• In fact, last year NVE rolled out its next generation of packaged sensor systems, which are less than one-fifth the size of its predecessor.
  • Furthermore, the company’s latest medical sensors are 30% more sensitive.

Add it all up and NVE Corp. operates in an untapped billion-dollar market, it has a first-mover advantage and it’s the consummate innovator in the spintronics space. All that’s left is to confirm the fundamentals. And it easily passes the toughest screens…

NVE Corp. Posts 16 Consecutive Quarters of Sales Increases

NVE Corp. has posted 16 consecutive quarters of year-over-year sales increases and 13 consecutive increases for earnings. In the most recent quarter sales leapt 23% and earnings climbed 45%.

It keeps improving its already robust gross margin, too. This quarter, margins jumped four points to 70%.

And the ever-frozen credit markets don’t matter – the company’s balance sheet is squeaky clean with no debt and $3 million in the bank.

Best of all, though, only one analyst covers the nanotech stock. So its cutting-edge technology, blistering growth and undeniable competitive advantages have largely gone undetected.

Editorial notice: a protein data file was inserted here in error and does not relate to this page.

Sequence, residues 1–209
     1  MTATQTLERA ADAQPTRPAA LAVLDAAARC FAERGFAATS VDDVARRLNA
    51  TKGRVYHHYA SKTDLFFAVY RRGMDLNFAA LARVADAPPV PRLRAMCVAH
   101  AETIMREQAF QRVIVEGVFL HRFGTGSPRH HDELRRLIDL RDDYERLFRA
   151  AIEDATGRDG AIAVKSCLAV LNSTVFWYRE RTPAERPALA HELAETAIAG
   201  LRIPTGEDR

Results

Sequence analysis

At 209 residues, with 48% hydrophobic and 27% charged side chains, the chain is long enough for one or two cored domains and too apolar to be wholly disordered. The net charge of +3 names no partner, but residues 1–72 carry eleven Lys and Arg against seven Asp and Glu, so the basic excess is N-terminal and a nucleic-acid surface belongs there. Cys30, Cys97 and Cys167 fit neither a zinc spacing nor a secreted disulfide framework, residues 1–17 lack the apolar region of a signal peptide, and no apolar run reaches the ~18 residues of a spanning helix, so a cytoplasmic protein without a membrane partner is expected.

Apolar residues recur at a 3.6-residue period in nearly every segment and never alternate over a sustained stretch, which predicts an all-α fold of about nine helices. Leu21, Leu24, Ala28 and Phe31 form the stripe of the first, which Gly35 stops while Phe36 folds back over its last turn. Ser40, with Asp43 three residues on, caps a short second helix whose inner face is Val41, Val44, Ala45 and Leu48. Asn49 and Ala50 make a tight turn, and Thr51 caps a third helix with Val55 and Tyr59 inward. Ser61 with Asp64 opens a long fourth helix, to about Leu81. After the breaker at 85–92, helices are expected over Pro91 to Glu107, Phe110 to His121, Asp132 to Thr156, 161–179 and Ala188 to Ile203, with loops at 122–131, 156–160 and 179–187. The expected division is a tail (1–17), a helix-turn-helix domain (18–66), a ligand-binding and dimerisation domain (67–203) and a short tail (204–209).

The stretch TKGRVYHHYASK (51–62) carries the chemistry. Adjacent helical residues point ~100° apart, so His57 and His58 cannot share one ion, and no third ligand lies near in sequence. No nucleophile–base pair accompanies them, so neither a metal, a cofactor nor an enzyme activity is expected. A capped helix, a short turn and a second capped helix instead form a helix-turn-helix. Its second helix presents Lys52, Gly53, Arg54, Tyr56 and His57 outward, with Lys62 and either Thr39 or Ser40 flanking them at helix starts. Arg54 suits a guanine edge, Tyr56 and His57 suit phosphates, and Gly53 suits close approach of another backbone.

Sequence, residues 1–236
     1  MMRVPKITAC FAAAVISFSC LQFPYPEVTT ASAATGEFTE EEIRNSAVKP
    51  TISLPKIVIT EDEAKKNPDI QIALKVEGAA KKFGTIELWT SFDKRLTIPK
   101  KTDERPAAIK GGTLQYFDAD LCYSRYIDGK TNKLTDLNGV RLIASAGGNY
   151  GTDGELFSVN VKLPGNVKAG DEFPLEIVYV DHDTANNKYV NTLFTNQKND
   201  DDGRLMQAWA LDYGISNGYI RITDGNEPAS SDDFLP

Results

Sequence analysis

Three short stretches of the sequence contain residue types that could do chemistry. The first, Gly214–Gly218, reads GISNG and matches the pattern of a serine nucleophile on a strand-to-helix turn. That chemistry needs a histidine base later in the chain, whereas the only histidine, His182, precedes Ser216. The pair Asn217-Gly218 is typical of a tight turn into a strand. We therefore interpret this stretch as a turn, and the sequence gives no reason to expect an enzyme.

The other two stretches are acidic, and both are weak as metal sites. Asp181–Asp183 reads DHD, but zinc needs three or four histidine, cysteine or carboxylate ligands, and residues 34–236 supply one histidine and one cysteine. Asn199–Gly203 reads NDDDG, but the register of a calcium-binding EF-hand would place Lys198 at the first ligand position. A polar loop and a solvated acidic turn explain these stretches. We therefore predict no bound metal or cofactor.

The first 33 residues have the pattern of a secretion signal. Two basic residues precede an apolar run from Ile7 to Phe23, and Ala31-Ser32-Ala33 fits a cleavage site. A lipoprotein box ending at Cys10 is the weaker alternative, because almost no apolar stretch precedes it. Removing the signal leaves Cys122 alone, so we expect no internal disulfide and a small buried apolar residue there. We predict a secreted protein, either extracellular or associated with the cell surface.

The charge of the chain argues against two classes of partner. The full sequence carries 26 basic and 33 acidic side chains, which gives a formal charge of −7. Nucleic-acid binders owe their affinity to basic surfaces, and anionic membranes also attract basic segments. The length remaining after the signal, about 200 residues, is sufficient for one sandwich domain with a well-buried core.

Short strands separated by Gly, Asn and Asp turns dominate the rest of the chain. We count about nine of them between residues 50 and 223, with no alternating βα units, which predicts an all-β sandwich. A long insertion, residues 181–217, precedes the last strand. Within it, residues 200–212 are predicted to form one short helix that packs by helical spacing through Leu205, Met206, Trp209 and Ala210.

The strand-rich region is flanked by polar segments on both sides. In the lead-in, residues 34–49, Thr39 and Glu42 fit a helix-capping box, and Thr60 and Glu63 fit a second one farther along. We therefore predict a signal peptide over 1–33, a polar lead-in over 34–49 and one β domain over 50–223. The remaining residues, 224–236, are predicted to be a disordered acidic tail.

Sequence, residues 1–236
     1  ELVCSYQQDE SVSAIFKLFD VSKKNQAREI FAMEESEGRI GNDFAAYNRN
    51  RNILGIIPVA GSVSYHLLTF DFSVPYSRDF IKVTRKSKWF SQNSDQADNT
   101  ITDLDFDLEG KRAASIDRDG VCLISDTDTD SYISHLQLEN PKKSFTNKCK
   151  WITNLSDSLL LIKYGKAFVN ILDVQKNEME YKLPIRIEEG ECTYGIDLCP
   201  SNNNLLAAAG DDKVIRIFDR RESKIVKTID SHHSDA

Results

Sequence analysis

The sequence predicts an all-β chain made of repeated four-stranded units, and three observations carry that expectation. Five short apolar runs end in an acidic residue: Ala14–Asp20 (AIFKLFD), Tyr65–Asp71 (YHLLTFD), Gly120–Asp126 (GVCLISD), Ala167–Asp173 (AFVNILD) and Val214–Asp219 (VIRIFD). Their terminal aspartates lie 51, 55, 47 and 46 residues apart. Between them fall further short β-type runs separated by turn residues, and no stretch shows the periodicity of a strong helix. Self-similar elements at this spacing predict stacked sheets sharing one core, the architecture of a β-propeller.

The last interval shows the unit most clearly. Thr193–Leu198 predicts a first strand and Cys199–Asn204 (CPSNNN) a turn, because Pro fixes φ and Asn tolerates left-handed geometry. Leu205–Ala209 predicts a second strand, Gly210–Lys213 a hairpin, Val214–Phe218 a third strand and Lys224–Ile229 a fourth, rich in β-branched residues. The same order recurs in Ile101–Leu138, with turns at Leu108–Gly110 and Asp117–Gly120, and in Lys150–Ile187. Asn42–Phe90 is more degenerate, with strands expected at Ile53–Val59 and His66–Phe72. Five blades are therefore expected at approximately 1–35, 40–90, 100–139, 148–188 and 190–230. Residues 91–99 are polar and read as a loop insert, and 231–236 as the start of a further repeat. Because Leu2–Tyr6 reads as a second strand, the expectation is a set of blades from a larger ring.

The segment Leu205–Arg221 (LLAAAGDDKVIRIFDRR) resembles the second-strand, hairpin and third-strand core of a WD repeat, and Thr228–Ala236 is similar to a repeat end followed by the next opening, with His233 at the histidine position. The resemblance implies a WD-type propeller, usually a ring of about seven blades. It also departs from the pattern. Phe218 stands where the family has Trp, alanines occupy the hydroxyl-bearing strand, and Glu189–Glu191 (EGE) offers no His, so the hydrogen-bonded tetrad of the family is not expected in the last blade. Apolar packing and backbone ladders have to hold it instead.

That’s the only rational explanation for the stock trading near its 52-week high, at such a modest price of roughly 18 times forward earnings.

But I don’t expect this disconnect between price and fundamentals to last much longer. In fact, the company reports earnings after the bell tomorrow.

Full disclosure: I originally recommended this stock nine weeks ago to the White Cap Report subscribers. And we’re sitting on a 44% gain right now.

Come Thursday, however, we expect that number to be much higher.

Good investing,

Louis Basenese

Today’s Investment U Crib Sheet

This weekend, the annual “Buffettalooza” took place – also known as the annual shareholders meeting for Warren Buffett’s Berkshire Hathaway (NYSE BRK.A). In numerous interviews and sessions where he answered questions, the world’s greatest investor threw out a number of interesting quotes.

Amongst them, he said that commercial real estate will continue to fall in value. We’ve been talking about the problems of commercial real estate for a few weeks now, “The Commercial Real Estate Sector: As The Other Shoe Drops – Be Wary of Bank Stocks.” But that’s not all.

He suggested that investors should invest regularly instead of trying to time the markets. You probably know that this topic is of particular interest to us. We showed readers how they can really “Become a Market Timing Expert” last week. And that “Using The Dollar Cost Averaging Strategy” is really the best way to build great wealth.

*The views and opinions expressed in this article are those of the author and do not necessarily reflect the official position of Wall Street analysts.